Accepting yourself and your life circumstances doesn’t mean you won’t work to change or improve things, but it means you don’t need to wait to start treating yourself kindly.
2. When someone you care about is suffering and there’s nothing you can do to change their circumstances, repeat:
I care about your pain.
Through this caring may your pain be eased.
A while back, when I was in the middle of a silent meditation retreat, I saw an older woman fall and break both of her ankles. I immediately broke silence and rushed over to help her (a trait likely ingrained as a doctor). She was in tremendous pain, and became crushed as she realized she wouldn’t be able to continue the retreat.
At first I felt terrible, and guilty that I couldn’t do more to help her, but then I realized I could feel compassion for her without believing it was my responsibility to control the outcome of her injury.
The above phrase helps you cultivate compassion for other’s suffering, without feeling like it’s your responsibility to solve the world’s problems.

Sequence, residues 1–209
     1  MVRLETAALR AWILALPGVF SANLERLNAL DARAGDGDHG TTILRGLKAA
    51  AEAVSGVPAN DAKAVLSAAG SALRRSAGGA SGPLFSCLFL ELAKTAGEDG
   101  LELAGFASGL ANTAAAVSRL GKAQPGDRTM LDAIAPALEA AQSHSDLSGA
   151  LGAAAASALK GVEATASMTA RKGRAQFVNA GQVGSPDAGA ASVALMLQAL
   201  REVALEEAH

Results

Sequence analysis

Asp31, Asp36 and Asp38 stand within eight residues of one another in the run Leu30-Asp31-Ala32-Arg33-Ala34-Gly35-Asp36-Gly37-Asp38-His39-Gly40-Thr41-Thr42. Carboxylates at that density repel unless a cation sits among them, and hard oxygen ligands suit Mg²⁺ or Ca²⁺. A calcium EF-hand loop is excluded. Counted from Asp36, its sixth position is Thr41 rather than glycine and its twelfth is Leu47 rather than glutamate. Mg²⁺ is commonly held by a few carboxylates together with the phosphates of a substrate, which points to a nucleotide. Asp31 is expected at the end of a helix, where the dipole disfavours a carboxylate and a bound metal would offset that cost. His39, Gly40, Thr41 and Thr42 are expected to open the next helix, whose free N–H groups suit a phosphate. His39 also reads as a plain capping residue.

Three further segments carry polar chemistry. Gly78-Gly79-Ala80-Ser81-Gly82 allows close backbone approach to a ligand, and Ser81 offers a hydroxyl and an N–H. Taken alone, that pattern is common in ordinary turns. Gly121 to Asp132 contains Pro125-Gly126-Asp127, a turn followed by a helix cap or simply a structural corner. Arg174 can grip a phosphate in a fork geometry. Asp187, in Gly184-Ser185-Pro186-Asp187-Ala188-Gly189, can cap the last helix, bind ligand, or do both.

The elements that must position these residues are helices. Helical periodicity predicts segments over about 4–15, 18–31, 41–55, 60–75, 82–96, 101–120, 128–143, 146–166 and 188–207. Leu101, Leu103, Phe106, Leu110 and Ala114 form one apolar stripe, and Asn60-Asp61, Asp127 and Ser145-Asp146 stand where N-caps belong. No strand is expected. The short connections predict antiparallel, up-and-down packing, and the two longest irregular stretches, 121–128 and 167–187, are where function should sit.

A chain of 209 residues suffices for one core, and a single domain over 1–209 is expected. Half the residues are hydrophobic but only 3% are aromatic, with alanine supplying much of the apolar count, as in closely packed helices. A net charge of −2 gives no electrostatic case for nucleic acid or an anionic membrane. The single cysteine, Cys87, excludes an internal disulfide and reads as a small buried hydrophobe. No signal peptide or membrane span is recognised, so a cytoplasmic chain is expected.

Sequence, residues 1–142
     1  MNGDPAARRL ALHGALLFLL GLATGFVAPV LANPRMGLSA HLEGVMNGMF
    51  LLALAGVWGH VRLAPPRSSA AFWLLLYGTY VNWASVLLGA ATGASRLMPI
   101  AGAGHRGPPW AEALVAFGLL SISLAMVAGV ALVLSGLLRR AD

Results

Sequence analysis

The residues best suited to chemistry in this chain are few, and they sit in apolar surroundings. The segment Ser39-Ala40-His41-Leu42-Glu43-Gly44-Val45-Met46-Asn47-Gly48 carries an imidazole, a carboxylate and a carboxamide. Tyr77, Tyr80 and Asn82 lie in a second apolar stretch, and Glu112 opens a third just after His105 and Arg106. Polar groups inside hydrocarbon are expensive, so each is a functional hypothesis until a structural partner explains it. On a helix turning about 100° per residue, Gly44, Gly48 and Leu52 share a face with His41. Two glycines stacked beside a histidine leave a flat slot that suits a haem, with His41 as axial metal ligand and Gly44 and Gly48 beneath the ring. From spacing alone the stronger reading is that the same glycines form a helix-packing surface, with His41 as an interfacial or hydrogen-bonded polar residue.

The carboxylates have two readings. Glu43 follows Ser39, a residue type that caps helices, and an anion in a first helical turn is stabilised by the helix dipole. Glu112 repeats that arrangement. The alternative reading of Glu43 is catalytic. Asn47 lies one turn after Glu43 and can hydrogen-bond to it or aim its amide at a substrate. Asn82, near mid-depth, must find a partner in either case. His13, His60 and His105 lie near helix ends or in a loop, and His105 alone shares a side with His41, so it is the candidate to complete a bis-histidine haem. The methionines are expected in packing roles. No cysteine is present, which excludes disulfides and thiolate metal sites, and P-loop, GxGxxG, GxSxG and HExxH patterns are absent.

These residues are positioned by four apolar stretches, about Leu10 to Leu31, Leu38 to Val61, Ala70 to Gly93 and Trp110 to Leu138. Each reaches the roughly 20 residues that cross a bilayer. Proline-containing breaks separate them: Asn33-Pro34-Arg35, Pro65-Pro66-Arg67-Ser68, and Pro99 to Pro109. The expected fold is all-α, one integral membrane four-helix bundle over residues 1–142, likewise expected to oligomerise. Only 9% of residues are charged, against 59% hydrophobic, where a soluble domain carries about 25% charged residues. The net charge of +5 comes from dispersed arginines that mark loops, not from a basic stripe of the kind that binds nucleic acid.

3. When someone you care about is engaging in self-destructive behaviors and you can’t stop it, repeat:
I wish nothing but the best for you, but
Your happiness depends on your actions, and not my wishes for you.
We all have had friends, parents or children we have watched go down a bad path. Maybe they’ve abused drugs or alcohol, or alienated people around them through erratic behavior, or acted irresponsibly or hurtfully.
Unfortunately, we do not have the power to control the path of another person, no matter how much we care about them. This phrase helps you cultivate healthy detachment in your relationships, where you can care for another person without getting caught up in trying to prevent them from making mistakes.
4. When bad things happen, repeat:
Whether I understand it or not, things are unfolding according to a natural order.